It’s difficult to write about critical pedagogy for many reasons, one of which is how to make writing (which seems in many cases to be didactic) represent the ideals of something very un-didactic like critical pedagogy (even Freire doesn’t necessarily manage this well, at least in Pedagogy of the Oppressed). But I’ve seen some really interesting practice in blogposts via #moocmooc critical pedagogy so far.
First, there is the aspect Freire talks about which is the pedagogue supporting learners bring their own context into the learning process, rather than banking it from the teacher’s perspective. A combination of three things has done this: I wrote a post connecting Freire to the militarization of the Egyptian state, Michael Weller wrote a blog-length comment on the US police state, and Sarah Honeychurch wrote about capitalism in the UK, and later again wrote another post on capitalism and exclusion 🙂 Adam Heidebrink-Bruno discussed Freire’s ideas in the context of modern-day US education. Nick Kearney has a post where he describes a particular pedagogue he knows whom he feels embodies critical pedagogy. All of this is actually seems to be what Nick Bowskill was writing about when he talked about authentic learning in groups (he calls it group-situated authenticity) – where each individual would learn authentically in a particular context, then they would get together to share and thus all have a richer experience because of it. That just happened here in #moocmooc. A contextualization of Freire’s theory to our own every day contexts. I also really like the link someone (sorry, can’t remember who?) tweeted about the similarities between Freirian ideas of teacher-as-learner and the concept of ako in Maori people of New Zealand.
Then there was the post by Nick Kearney critiquing the term humanization, in that the term itself dehumanizes; and some tweets critiquing the wording “libertarian” and its political connotations (though we think it’s probably just a mistranslation). Freire would not have wanted us to read his work uncritically (he talks about this more in Pedagogy of Hope). Nick writes:
I would strongly resist calling even those who have been completely processed by the banking model of education anything less than human.
And well, there is also a feeling of automation and shaping in the term “humanization”, isn’t there? These critiques have also been said of the term conscientization that Freire uses as well. The “ization” makes it seem like factory work. Almost like the teacher is shaping a piece of play-doh rather than an individual with agency. We know Freire doesn’t mean it, but the word choices (in translation, of course) appear that way.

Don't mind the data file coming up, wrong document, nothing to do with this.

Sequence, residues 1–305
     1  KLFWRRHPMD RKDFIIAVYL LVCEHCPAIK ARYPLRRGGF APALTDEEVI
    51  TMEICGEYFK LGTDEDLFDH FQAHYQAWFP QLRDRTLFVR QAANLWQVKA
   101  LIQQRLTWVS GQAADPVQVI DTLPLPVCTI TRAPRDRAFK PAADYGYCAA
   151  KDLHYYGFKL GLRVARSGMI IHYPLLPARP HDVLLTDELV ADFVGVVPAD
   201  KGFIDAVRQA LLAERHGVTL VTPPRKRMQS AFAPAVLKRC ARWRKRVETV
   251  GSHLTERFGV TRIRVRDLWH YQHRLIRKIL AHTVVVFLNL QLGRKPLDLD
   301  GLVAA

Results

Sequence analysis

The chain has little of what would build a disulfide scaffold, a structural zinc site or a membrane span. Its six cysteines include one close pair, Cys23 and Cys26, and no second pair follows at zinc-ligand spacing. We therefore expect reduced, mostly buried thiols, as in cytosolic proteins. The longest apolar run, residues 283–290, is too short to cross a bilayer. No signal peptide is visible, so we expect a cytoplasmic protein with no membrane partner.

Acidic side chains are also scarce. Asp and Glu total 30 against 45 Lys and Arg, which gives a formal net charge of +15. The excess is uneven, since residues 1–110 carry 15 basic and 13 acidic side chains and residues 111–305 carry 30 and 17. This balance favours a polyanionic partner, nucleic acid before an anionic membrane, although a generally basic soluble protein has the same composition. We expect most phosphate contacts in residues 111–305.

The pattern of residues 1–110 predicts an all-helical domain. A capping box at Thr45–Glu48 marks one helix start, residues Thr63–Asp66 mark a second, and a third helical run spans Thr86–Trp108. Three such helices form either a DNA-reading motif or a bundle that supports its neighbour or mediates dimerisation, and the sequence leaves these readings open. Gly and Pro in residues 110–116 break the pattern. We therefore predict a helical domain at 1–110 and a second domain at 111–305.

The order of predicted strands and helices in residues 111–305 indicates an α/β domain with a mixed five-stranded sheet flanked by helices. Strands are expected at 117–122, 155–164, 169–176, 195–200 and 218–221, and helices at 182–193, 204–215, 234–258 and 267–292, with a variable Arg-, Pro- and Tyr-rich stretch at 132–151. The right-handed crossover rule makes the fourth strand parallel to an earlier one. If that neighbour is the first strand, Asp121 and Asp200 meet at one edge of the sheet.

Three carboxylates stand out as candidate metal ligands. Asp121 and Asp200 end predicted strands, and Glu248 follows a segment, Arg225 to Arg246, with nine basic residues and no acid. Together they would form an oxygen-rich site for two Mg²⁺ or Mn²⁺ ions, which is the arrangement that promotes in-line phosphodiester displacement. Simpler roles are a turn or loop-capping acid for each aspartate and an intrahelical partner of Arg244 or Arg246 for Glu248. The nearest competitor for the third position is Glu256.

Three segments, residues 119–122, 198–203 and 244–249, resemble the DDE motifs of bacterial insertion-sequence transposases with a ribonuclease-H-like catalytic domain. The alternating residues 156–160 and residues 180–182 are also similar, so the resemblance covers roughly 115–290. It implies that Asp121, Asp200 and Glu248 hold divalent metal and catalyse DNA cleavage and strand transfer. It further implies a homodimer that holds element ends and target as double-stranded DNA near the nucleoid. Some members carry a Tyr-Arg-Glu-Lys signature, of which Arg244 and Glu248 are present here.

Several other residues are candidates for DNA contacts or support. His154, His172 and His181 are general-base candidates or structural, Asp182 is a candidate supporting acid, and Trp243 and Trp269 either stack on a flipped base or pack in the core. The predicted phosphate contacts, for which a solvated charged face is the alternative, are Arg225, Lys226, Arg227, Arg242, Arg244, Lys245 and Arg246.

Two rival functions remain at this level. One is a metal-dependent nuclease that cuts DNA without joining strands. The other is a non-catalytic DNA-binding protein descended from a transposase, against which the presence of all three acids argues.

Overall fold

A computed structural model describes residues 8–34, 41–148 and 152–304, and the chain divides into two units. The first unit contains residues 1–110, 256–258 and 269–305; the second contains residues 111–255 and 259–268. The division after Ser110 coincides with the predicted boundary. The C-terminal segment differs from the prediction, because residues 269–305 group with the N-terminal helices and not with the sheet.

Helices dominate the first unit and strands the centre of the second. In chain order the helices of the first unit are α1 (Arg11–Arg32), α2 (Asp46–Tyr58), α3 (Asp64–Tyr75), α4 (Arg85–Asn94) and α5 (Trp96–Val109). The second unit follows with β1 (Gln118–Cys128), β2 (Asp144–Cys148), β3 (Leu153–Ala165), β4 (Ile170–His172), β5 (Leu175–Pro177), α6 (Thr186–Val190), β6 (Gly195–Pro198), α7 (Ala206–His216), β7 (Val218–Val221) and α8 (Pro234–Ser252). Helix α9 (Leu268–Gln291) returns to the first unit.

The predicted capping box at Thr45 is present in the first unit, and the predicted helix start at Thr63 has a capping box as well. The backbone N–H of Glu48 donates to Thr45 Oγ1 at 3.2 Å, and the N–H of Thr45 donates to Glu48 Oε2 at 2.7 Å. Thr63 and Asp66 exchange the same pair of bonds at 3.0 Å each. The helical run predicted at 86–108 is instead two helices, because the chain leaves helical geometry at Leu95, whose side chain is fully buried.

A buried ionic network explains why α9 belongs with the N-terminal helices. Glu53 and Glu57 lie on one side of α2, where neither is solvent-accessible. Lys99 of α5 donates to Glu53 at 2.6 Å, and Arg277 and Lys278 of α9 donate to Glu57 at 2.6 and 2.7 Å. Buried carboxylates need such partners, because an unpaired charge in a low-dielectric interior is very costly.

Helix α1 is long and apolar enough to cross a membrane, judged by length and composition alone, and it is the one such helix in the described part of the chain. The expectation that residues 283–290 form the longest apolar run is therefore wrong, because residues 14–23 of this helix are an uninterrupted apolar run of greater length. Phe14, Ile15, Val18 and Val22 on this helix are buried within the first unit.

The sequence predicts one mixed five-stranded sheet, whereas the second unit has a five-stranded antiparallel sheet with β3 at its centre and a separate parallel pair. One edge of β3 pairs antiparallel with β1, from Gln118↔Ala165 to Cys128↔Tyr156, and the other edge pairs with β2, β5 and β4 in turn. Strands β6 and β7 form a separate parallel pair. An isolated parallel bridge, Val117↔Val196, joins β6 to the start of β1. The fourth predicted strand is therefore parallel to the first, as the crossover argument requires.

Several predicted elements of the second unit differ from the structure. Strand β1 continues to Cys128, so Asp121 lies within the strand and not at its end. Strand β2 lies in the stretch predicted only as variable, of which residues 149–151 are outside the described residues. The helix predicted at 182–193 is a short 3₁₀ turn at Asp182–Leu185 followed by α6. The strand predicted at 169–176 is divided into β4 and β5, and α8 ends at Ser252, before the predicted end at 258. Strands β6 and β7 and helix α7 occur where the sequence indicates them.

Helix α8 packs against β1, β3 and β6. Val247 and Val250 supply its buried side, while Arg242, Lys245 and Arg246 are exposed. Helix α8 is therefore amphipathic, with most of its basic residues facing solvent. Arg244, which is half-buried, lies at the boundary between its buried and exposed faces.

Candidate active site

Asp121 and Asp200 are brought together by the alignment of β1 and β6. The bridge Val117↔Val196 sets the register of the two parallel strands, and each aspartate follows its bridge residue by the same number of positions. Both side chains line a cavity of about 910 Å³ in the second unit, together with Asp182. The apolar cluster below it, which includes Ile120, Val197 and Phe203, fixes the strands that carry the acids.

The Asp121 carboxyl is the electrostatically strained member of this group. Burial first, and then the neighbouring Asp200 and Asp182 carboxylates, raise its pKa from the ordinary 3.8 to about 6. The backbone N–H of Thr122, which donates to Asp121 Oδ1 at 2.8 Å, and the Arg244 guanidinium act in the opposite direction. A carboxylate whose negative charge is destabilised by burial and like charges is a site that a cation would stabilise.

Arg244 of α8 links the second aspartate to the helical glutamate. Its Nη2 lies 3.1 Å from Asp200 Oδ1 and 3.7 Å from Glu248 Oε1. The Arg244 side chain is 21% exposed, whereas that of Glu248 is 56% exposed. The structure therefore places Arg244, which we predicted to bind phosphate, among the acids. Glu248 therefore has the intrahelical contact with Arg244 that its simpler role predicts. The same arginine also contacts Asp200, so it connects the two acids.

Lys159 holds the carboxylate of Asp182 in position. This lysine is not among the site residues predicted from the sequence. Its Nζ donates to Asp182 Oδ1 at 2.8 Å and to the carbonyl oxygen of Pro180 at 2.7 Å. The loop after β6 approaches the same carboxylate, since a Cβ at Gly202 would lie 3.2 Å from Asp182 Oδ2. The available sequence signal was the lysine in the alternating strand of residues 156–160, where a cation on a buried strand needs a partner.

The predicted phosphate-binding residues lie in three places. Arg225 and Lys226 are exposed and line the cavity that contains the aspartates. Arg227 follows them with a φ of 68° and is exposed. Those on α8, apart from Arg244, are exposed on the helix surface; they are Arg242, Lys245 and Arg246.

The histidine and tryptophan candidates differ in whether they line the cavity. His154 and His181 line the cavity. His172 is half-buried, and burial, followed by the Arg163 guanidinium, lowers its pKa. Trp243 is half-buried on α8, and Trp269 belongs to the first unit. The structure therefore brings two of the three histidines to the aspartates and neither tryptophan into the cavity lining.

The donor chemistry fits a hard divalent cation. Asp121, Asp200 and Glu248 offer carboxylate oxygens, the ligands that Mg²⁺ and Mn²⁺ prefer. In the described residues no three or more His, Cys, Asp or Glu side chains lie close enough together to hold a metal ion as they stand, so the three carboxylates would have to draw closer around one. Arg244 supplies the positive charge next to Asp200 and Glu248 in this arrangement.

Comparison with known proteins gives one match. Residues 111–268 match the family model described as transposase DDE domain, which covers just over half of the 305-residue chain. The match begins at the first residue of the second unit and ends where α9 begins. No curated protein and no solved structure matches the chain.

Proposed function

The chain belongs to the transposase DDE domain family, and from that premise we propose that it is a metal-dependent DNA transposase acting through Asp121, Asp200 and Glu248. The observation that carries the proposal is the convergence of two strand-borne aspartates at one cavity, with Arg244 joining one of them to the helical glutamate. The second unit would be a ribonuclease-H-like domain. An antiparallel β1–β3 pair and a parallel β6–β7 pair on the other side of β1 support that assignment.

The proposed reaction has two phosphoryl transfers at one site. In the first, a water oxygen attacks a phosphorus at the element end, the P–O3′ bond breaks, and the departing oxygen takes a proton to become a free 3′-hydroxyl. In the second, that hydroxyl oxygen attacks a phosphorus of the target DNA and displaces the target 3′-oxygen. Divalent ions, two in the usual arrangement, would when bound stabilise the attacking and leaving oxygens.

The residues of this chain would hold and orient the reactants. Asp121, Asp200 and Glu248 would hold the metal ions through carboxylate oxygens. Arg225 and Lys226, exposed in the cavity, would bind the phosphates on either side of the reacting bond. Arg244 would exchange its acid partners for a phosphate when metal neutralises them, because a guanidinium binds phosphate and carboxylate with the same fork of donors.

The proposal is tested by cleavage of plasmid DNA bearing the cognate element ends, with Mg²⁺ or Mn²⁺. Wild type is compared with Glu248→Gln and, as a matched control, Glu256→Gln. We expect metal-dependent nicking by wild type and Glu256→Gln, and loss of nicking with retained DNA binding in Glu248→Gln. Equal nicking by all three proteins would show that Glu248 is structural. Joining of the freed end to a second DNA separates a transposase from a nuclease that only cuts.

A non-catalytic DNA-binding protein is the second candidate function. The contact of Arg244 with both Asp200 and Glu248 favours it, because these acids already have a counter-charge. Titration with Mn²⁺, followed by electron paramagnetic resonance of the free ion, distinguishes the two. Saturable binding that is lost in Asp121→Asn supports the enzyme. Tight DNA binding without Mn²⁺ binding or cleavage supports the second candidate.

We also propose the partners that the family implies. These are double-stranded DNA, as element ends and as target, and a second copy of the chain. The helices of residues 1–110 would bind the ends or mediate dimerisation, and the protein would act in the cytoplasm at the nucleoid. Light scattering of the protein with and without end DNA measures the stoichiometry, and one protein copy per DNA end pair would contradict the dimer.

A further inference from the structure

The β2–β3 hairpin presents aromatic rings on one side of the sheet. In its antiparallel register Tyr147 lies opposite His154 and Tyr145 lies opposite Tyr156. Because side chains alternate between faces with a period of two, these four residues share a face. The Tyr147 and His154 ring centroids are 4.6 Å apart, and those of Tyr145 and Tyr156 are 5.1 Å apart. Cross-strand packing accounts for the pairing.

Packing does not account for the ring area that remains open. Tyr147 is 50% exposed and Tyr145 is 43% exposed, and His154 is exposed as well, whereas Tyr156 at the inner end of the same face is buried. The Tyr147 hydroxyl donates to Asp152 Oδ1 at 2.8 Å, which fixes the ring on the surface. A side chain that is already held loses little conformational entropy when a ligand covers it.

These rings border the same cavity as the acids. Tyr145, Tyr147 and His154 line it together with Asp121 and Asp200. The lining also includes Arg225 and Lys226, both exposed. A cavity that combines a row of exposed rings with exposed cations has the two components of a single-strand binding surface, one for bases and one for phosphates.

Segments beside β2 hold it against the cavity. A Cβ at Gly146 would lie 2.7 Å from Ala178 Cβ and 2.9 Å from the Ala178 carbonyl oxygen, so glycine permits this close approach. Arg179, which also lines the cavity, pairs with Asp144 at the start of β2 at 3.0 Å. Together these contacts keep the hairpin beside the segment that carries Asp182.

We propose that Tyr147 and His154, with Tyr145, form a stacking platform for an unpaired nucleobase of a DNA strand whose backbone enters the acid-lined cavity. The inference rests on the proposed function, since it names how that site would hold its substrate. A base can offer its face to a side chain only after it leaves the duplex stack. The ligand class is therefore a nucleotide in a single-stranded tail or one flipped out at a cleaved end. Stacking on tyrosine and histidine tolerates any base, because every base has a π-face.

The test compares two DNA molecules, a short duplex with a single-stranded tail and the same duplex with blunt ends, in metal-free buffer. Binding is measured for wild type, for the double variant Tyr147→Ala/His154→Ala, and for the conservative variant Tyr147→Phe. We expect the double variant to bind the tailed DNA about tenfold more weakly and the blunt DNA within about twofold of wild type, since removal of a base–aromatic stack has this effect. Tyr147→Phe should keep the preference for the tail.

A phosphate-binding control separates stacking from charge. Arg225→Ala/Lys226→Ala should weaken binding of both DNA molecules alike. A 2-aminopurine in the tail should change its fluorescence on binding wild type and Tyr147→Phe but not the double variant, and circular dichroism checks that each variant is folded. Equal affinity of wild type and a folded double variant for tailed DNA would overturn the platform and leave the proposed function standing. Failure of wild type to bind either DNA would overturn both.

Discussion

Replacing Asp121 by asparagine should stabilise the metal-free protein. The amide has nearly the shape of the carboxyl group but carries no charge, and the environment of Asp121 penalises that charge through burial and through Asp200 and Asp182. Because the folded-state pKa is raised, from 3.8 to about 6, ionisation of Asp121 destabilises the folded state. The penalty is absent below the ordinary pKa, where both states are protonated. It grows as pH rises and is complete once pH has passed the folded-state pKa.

Third, there were a couple of blogposts that I found pedagogically useful for a MOOC like this one. There’s Martin’s summary of the concept of libertarian education from Freire – when people do these summaries in MOOCs they can be really helpful to the person who is reading for the first time or has no time to read; it’s also useful for oneself to record one’s notes (gosh, just today I was going through the hard copy articles I read for my PhD and took notes on – impossible to retrieve anything if I need it urgently now; glad I later kept everything digital). And there’s Kris Shaffer’s list of essential education readings (even though I believe there’s no such “canon”, these lists can be useful if we trust the person making them, which I do in this case; except we already have similar taste esp in Hybrid Pedagogy articles; and I’ve read and do value most of them anyway) – and I promised to add a couple of my own to his list, including some of his own articles that I like but that he’s too modest to include, so I updated my “Read This” page on my blog (still needs organizing and I need to add a few more things to it)
I need to stop and take a breather before the #moocmooc chat – I am sure there have been other great posts written since I’ve had a look, so I’m looking forward to reading those…
See you at the Twitter chat at 5pm EST (unless I fall asleep, coz it’ll be midnight here and I’ve had a looong day).